Bioshock 2 Big Sister
Bioshock 2 Big Sister

Bioshock 2 Big Sister

Bioshock 2 review by Honorabili

One Sentence Review:
“Taste my drill!”

Overall Score:
8 out of 10

Overview:

Although I never thought a sequel would have been made when I initially beat the first game, here is Bioshock 2. In Bioshock 2, you take the role of a special kind of Big Daddy, the caretakers of the Little Sisters that go around collecting ADAM, the chemical that turns people into psionics. I’m not going to put spoilers as to the complete story, not even the origins of the main character. You are basically running around, surviving, trying to figure out what you are, liberating or killing Little Sisters, picking up clues (sound recordings just like Bioshock 1 and System Shock 2), fighting a ton of ADAM addicts, etc. The game proceeds in a linear manner.

Most of the gameplay consists of exploring corridors, shooting and casting spells (I mean using plasmids), hacking machines (they made this much faster than the first game and simpler), picking up a TON of voice recordings, dealing with scripted events (traps), getting upgrades (both for weapons or plasmids or implants), fighting bosses (Big Daddies and Big Sisters), and eventually making moral decisions on whether to let characters live or die.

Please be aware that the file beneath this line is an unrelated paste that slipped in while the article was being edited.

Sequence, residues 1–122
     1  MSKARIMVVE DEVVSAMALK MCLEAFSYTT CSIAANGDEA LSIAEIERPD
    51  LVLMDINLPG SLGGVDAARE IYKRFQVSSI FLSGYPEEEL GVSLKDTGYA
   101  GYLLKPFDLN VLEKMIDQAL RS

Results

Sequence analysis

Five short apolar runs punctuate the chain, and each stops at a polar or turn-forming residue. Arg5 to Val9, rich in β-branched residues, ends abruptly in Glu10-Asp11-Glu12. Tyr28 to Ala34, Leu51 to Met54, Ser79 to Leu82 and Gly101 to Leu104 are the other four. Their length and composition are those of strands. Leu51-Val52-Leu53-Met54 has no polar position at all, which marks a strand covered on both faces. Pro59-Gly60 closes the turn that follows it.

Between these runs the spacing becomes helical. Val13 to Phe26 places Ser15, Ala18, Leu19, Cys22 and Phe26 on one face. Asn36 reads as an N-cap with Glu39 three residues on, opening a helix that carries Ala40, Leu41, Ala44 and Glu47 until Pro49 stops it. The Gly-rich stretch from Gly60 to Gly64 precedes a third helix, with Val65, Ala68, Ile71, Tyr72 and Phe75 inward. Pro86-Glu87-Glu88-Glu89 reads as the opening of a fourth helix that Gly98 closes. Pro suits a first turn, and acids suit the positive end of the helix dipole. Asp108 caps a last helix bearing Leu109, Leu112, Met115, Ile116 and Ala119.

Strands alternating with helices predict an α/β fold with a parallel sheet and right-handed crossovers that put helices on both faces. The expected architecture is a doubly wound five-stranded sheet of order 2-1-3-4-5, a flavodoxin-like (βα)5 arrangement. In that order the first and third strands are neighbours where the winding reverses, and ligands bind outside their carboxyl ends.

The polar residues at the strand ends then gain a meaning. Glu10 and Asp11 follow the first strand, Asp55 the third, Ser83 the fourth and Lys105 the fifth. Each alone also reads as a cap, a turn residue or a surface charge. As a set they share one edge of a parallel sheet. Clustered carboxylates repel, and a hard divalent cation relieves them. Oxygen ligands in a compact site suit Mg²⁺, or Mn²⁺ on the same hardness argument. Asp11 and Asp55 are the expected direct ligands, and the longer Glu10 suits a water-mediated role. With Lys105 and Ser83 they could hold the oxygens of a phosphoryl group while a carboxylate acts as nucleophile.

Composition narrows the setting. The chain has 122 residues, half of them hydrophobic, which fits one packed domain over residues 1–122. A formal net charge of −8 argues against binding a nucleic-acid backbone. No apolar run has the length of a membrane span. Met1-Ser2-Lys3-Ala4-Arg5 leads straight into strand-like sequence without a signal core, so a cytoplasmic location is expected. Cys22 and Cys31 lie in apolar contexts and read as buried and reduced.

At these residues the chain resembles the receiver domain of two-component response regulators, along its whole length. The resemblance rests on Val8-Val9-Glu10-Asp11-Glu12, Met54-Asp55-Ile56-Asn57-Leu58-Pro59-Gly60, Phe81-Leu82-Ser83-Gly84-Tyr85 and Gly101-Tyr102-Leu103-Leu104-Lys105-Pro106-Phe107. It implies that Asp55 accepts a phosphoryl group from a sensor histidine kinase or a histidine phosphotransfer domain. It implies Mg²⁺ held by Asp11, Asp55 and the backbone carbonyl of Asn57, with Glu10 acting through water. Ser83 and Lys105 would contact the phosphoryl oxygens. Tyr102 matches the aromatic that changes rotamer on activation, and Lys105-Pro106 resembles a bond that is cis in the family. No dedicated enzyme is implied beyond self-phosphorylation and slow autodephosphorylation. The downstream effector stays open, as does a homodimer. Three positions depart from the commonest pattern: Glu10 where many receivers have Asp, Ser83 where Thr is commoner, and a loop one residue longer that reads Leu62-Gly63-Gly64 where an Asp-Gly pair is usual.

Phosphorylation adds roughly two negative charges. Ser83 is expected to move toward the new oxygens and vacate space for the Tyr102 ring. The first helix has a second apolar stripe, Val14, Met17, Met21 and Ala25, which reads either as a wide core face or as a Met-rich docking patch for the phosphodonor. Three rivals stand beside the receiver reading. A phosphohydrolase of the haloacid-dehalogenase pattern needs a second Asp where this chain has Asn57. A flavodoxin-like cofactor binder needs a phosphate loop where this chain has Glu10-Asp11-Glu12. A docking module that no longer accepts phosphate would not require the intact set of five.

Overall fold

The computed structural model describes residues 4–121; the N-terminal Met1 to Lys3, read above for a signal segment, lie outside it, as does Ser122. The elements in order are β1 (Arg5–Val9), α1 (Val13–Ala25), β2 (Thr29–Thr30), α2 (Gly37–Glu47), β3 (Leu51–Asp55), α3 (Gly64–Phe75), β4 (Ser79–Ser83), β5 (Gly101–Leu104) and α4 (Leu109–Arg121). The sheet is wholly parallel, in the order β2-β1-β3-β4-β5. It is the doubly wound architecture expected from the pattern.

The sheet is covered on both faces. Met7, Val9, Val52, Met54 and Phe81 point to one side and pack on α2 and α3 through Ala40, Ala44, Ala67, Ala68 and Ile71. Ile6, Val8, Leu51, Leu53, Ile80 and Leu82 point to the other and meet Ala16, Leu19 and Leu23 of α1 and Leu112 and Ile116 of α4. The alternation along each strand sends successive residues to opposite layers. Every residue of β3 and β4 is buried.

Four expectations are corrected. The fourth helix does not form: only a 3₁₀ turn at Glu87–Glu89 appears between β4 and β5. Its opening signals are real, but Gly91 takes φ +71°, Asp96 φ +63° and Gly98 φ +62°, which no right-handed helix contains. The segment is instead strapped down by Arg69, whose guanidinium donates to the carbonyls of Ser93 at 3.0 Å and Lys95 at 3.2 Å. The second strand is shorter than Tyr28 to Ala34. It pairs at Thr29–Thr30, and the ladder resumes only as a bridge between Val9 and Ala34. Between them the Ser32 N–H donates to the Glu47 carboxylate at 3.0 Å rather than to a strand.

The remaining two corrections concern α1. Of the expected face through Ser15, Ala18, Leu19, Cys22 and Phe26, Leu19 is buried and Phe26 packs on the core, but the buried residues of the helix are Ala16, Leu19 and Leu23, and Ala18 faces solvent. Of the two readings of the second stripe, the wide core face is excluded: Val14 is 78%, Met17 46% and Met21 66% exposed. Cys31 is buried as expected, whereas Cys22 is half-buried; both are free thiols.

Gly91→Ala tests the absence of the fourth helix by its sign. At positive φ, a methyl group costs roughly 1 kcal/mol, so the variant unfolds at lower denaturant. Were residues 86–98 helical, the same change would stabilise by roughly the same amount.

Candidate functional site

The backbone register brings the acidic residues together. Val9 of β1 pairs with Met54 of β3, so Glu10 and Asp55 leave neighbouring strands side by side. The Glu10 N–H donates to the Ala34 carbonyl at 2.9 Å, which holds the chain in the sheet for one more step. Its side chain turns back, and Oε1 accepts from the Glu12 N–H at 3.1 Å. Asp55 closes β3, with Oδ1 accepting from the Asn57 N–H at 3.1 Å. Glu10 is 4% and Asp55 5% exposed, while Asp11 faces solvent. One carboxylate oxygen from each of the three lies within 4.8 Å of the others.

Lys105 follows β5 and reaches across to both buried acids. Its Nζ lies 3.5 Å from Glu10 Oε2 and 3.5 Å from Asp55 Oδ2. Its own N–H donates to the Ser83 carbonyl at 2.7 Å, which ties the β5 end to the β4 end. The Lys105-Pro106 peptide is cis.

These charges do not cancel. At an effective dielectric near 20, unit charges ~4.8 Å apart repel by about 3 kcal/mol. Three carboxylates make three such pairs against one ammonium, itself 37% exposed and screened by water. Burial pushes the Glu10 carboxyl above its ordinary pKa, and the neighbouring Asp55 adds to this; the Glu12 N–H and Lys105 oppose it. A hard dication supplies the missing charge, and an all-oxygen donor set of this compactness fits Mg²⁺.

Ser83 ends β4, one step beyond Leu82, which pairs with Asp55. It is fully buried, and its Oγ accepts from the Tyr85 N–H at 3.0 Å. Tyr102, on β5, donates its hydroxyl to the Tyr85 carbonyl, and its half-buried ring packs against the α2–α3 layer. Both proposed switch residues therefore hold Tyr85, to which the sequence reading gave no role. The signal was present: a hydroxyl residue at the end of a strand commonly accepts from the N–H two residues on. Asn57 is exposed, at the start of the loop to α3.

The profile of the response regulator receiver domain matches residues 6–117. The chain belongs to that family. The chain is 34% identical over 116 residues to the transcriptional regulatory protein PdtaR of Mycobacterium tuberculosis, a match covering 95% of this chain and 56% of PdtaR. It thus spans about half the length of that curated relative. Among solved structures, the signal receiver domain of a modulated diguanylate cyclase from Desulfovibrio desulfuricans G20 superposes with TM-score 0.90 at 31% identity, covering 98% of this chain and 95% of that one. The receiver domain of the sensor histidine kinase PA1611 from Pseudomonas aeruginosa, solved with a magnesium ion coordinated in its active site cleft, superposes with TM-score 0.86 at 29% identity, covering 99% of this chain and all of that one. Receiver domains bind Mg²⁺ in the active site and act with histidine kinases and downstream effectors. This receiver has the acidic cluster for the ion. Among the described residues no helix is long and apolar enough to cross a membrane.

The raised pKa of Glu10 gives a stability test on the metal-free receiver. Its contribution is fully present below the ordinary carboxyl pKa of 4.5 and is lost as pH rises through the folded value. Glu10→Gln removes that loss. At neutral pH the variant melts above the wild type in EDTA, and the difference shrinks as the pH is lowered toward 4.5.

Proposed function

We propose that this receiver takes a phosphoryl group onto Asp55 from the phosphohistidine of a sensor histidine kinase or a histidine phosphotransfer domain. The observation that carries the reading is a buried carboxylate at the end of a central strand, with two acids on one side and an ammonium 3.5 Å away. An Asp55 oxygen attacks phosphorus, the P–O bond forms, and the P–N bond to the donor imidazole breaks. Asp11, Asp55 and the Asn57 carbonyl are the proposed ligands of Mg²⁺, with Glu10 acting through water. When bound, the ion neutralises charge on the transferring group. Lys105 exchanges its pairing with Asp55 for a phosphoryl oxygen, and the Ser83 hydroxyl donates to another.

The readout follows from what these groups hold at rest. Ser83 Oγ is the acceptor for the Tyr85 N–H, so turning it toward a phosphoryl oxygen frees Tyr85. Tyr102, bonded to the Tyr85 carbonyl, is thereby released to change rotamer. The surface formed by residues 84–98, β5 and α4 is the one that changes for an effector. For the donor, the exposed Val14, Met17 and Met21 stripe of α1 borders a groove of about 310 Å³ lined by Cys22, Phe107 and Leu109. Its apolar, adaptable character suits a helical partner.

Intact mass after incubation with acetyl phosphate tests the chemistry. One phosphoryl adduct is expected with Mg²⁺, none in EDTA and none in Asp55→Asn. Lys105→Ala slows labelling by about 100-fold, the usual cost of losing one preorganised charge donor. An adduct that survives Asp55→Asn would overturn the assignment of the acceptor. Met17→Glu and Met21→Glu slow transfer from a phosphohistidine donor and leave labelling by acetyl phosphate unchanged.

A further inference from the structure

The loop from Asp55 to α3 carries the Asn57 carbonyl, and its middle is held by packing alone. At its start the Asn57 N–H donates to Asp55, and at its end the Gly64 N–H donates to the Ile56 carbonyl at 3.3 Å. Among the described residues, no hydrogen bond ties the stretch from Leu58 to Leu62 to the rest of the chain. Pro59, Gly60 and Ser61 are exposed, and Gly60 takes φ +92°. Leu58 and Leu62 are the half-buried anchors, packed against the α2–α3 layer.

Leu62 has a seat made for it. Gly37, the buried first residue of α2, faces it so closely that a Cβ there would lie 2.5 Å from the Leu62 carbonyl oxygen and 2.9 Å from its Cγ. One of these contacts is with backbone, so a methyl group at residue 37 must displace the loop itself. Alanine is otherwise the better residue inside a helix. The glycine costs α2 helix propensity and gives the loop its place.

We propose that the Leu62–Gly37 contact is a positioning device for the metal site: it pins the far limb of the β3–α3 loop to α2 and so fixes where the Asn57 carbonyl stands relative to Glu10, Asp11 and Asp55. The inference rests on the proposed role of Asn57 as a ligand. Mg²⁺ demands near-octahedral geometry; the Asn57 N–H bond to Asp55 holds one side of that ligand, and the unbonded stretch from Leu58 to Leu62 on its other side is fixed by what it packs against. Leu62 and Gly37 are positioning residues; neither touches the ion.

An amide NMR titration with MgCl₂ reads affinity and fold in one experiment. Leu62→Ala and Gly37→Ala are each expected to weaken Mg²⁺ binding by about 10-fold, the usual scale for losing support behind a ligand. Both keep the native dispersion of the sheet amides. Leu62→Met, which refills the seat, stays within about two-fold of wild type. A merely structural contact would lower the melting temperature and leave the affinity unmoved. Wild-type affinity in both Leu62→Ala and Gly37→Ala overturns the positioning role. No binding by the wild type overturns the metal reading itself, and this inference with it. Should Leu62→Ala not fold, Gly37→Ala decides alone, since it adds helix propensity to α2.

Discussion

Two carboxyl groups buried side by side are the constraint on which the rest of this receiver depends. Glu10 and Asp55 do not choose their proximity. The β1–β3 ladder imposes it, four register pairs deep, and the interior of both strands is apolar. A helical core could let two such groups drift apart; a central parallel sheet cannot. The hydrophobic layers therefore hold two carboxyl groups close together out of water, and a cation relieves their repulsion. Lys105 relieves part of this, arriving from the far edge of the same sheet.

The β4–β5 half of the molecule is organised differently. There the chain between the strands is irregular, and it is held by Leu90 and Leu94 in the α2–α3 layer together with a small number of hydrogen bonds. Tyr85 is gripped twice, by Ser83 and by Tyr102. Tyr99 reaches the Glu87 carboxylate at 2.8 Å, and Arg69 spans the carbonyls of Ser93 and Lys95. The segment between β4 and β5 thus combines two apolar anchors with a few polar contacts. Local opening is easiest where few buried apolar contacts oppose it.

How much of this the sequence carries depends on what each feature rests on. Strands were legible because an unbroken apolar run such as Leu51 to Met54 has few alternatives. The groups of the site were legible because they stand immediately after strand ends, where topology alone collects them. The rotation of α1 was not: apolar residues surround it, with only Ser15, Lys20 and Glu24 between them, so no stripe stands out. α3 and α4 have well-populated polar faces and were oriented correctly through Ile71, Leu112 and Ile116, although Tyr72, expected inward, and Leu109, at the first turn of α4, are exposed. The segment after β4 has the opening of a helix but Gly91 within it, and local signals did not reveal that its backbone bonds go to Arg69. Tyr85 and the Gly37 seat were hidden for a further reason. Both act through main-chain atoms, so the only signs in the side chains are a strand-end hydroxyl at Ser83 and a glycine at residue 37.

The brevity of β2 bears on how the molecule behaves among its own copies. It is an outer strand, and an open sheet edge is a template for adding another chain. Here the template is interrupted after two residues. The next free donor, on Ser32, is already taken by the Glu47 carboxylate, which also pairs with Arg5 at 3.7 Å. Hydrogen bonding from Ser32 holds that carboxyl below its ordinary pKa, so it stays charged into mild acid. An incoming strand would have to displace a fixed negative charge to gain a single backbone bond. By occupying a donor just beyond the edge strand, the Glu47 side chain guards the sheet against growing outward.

This game takes place about 10 years after the first game. The underground Utopia (dystopia) Rapture has gone to utter crap after the events of the first game but people still live within it. There are still a ton of ADAM crack heads running around fighting each other and Big Daddies protecting their Little Sisters while they play with the ADAM (the chemical from part 1 which lets people get plasmid powers).

You don’t really need to have played the first game but if you want a better idea of what’s going on, I recommend it, although they’re just about the same game.

The game is done is a 1930s-40s retro style. You will see a lot of things that might remind you of Fallout, such as ads that have drawings similar in style to the Pipboy and other similar and old cartoons of that era.